Frontex Scrutiny Working Group Report Says the Agency Is Not Involved in Human Rights Violations

The Frontex Scrutiny Working Group report found no evidence that the European Border and Coast Guard Agency-Frontex has been implicated in human rights abuses such as illegal returns of asylum seekers at EU borders, although the agency has often been accused of blinding. Eye on reported human rights violations in EU countries.

The agency welcomed the audit working group’s latest report, TheSchengen.com reports.

Frontex’s statement says the agency cooperated with the European Parliament’s audit group transparently, and welcomed MEPs during an online visit to the agency and information exchange.

“I acknowledge the findings and recommendations of Parliament’s fact-finding examination. Frontex is a larger and more complex institution than it was two years ago, so the system designed in the past needs further transformation. Frontex Director Fabrice Leggeri noted that the report emphasized that The challenges of agency transformation in a more and more complex security environment.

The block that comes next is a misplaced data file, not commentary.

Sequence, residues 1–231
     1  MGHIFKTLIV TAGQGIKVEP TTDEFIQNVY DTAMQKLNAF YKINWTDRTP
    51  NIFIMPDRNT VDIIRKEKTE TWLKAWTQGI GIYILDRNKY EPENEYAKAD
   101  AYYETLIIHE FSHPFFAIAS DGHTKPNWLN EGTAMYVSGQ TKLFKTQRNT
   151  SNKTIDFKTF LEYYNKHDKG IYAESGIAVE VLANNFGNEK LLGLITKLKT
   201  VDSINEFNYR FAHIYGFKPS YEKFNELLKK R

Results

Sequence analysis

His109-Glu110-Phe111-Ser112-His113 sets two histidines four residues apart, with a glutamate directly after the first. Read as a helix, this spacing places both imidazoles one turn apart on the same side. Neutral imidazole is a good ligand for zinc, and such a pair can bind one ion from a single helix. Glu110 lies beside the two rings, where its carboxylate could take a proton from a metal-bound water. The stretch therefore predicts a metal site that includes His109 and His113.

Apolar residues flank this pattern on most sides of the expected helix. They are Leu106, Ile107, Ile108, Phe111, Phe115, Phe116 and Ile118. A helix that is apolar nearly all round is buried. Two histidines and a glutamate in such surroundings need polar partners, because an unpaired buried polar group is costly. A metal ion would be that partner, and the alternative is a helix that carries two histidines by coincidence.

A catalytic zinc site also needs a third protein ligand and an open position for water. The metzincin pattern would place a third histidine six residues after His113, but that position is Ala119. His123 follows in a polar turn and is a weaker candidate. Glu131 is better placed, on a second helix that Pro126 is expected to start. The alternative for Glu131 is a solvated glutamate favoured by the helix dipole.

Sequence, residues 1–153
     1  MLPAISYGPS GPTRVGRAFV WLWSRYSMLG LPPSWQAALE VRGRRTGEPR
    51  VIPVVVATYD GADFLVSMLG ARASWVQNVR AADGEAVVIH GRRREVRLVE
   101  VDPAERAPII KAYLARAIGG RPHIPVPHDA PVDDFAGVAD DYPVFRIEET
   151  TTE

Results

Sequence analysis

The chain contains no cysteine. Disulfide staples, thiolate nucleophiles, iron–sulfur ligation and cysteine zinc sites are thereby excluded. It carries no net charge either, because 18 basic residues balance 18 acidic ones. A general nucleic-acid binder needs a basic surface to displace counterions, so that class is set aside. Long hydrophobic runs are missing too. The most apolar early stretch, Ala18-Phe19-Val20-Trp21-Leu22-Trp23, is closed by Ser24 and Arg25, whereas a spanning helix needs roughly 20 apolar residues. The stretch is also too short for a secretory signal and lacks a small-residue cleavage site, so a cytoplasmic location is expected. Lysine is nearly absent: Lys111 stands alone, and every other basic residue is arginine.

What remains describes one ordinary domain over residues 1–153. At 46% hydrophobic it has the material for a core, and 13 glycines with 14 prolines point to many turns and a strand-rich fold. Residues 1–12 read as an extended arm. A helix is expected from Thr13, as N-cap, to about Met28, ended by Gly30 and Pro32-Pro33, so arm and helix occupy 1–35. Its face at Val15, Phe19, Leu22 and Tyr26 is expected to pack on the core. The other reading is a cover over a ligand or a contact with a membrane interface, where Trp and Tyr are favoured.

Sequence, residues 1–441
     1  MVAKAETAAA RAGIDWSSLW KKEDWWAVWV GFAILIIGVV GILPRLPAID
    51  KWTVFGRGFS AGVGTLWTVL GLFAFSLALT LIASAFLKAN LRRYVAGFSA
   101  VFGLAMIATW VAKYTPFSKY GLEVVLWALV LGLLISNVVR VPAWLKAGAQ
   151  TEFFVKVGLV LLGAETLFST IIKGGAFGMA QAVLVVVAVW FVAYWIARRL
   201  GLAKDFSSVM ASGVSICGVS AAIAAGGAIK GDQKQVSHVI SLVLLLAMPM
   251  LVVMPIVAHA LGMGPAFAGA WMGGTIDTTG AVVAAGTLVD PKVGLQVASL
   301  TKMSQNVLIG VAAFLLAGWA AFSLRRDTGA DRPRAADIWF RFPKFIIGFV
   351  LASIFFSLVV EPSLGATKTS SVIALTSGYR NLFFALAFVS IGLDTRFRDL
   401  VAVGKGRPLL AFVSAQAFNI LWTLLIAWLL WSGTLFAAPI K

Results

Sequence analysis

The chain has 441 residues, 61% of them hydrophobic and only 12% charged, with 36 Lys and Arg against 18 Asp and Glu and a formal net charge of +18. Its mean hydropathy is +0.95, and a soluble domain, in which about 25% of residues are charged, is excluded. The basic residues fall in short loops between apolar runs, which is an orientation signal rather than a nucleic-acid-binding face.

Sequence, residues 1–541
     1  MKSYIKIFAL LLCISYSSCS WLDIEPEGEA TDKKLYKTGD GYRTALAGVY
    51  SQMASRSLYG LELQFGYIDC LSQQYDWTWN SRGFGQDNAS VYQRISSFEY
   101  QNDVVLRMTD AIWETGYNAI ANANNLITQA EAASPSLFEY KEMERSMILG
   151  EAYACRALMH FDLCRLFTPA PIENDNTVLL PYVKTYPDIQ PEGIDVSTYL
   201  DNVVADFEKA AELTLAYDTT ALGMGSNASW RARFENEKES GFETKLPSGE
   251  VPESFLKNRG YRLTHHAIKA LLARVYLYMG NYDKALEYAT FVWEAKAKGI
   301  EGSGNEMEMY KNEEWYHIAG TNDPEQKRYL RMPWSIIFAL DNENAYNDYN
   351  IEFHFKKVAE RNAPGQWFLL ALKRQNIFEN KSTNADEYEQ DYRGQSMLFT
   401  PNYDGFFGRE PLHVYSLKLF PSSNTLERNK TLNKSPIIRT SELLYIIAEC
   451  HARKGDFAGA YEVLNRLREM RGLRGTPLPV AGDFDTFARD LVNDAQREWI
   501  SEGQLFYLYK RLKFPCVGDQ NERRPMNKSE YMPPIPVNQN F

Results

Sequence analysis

Leggeri said the agency is determined to uphold the highest standards of border inspections in its operations while adding that “we will consider the recommendations and see how we can implement them to further enhance respect for fundamental rights in all of our activities.”

The agency has completed two phases of investigation into media allegations that Frontex was involved in human rights abuse. However, an internal investigation and the recent report of a special working group appointed by the Board of Directors found no evidence that Frontex was involved in such violations.

Last month, the European Council of Auditors (ECA) said the EU’s border agency was not effective enough in helping EU countries and the Schengen area manage the EU’s external borders.

Earlier this year, Frontex suspended its operations in Hungary after it was criticized for not helping Budapest fight the immigration issue.

Frontex’s suspension of its operations in Hungary followed a ruling by the European Court of Justice (ECJ) in December, which asserted that the central Mediterranean country was breaching EU law by restricting access to migrants and asylum seekers, as well as returning them to Serbia. across the Hungarian-Serbian border.

A recent report published by Frontex revealed that a total of 11,500 people tried to enter European countries illegally through their external borders in June 2021. The same source shows that these numbers represent a 69 percent increase compared to the June 2020 figures.

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Source: schengenvisainfo.com

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